Tuesday, June 30, 2020

The Pueblo – Mötley Crüe Connection

Freeway Flyer 
Phil Head  (far left) John Withers (top center) 
Joe Ellis (bottom center) Bob Deal (far right) 

I truly believe Phil Head is one of the most interesting people I have ever interviewed. Seriously. I’ve been talking to him, about his incredible music career (The Cobras, The Trolls, The Frantics, Waco), but I had never chatted with him about his time in the LA-based band, Freeway Flyer.

“So I was in the band Waco, with Joe Ellis, after his brother Ron (both formerly of White Lightnin') left the group, to go to college. We were playing lots of gigs in Pueblo, including opening for Canned Heat,” he said. “Joe and I were living out in Black Forrest, and one day we just decided we should go to Los Angeles, and try our luck out there.”

A near-death accident nearly ended the plans.

“Joe went out to L.A. before I did, and he got into a really bad car accident. An oil tanker hit the van, and flipped it. Thankfully he, and all our equipment, survived.”

Safe on the West Coast, the band hooked up with a former bandmate of Phil’s, who suggested they change the name of the group.

“Max Byfuglin, who I knew in the Frantics (former lead singer), was our manager. He liked the name Freeway Flyer, so we just went with it.”

But not all of Max’s ideas were universally accepted by the band. “Max had this idea that we dress like all disco. I liked to wear a cowboy hat, but I think it made the group look too much like a country band.”

Phil recruited another Pueblo musician, John Withers, to come out and play keyboards. With a drummer (Phil) and bassist (Joe) in the band, the group needed a guitar player.

"We were friends with the guys in Whitehorse. They played around Denver, and they would always come out and see me, when I lived in Wetmore. We knew about Bob Deal, who was a helluva guitar player,” he said. “Bob told us that he wasn’t happy in Whitehorse, and so I recruited him to join us, in Freeway Flyer. I remember he wanted us to always call him “Zorky,” I’m guessing because he didn’t want his real name associated with the group. Who knows.”

Shortly thereafter, Joe’s cousin, Jerry Albo, joined he band, as the band’s second guitarist.  

With the lineup complete, Phil, Joe, John, Bob and Jerry soon hit the road, playing military bases, with a diverse set list… when the entire band managed to show up, on time.

“We had this gig, in Point Mugu, and Bob and Jerry were going to come up, in a separate car,” Phil said. “So just before we go on, we get a call from Bob, who tells us they took the wrong exit, and were in Bakersfield, which is like two hours away!” So me, John and Joe had to carry the first set off, just the three of us. Bob and Jerry finally showed, for the second set.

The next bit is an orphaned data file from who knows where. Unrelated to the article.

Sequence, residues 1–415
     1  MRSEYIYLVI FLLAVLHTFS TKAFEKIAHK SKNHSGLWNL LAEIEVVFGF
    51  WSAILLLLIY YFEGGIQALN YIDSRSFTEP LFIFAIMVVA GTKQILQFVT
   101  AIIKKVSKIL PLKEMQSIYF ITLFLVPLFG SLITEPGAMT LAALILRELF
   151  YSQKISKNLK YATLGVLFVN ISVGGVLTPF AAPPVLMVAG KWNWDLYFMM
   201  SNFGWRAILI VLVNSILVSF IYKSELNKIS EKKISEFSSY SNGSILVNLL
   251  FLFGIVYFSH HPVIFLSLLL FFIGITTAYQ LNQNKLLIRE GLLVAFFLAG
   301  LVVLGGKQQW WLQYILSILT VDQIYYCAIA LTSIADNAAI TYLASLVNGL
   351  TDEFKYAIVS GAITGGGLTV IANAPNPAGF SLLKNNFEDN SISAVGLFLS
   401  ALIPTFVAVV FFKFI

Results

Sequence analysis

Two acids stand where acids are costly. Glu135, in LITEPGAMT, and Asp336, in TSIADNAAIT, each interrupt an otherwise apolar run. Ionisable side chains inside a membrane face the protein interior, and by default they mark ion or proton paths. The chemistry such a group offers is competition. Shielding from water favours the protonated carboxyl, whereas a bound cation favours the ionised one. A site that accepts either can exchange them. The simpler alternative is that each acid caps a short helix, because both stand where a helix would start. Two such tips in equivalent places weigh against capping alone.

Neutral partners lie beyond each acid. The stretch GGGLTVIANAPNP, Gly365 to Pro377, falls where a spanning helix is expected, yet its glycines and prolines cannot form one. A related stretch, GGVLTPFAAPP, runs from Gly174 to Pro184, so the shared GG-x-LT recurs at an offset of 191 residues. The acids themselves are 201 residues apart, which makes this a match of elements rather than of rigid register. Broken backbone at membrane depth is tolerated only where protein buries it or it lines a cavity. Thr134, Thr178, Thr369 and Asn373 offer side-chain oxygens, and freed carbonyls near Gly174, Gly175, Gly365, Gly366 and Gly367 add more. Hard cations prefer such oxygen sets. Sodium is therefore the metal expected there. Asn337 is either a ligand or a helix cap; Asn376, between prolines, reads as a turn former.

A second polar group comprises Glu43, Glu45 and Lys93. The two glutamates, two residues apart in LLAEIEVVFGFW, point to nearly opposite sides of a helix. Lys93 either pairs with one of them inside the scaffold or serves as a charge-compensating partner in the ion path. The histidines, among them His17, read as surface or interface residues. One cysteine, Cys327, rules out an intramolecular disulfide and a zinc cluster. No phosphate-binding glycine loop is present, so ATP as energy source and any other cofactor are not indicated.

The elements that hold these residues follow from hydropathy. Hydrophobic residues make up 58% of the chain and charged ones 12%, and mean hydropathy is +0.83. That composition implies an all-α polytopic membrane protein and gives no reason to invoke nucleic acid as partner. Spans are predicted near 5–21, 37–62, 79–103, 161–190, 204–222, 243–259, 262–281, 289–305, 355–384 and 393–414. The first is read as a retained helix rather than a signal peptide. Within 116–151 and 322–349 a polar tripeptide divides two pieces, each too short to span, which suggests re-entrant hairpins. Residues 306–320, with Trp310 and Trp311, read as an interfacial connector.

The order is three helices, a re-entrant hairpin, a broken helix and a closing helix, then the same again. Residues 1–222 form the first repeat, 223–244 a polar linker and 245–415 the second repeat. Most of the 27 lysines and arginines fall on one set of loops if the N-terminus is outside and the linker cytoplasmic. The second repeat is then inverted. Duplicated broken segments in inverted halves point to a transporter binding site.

Of course, you can’t have a band story, with at least one member getting homesick.

“Jerry and I were driving somewhere, and he tells me that he wants to leave the band, go back to Colorado, and learn how to fly airplanes. I wasn’t upset, I mean you have to follow your dreams. Sadly, several years later, Jerry would be killed in an airplane crash, trying to fly out of Aspen.”

Phil told me that shortly before Jerry left the band, he and the group went into a studio and recorded an original Jerry Albo composition,” 389,” which was never released. “It was a really good song. I’m sure I have a copy of it, somewhere.”

While, for the most part, Freeway Flyer was a pretty laidback band, Bob Deal insisted that the group rehearse.

“John had access to this club in Burbank, called the Stone Crow, so we would go there and rehearse, from 3-6:00 a.m.. Then Bob found a place to rehearse on Sundays, in exchange for playing at the club, in the afternoons.”

Chaos continued when Bob Deal’s wife kicked him out of the house (allegedly for keeping company with several of their female fans). “He had no money, no place to live, so he slept at my house, for a while. He later moved in with Joe. He got kicked out there, too. It was discovered that the couch Bob was sleeping on gave someone crabs, who sat on it.”

While Bob was wearing out his welcome with most of the band members, he and Phil would often collaborate on ideas for the group.

“He told me that I really should have a drum riser, but I didn’t have any money to buy one,” Phil said. “Bob told me that we could make one with milk crates and plywood. So one day this truck pulls up, with a big sheet of plywood, and Bob showed me how to make a riser.”

As was typical in the mid 1970s Los Angeles club scene, Freeway Flyer would often share a venue stage with other up and coming bands, trying to make a name for themselves. “One night, we were playing in the bar, at the Orange County Airport. The setlist included ‘You Really Got Me,’ by the Kinks. After the show, this guy comes up to me and says, ‘The band on before you played it better.’ I got kinda pissed of the nerve of this guy. So we go back into the dressing room, and the bands who play there sign their names on the wall. I noticed that group who played before us was this band called Van Halen. I never heard of them.”

But Bob Deal had.

“Bob would go on and on about Eddie Van Halen. I obviously wasn’t paying attention,” Phil said. “He was friends with the band.” (NOTE: "You Really Got Me" would end up on Van Halen's debut LP, in 1980, which would go on to sell 10 million copies).

It was around that time that Bob was getting restless.

“He really didn’t like the other guys in the band. He wanted to play originals. He was a loud player, and the club management always complained,” Phil said. “One day he came up to me and said, ‘Let’s start our own band, playing originals.’ I told him I had a family, and mouths to feed, and we had lots of gigs playing covers, but it wasn’t enough for him.”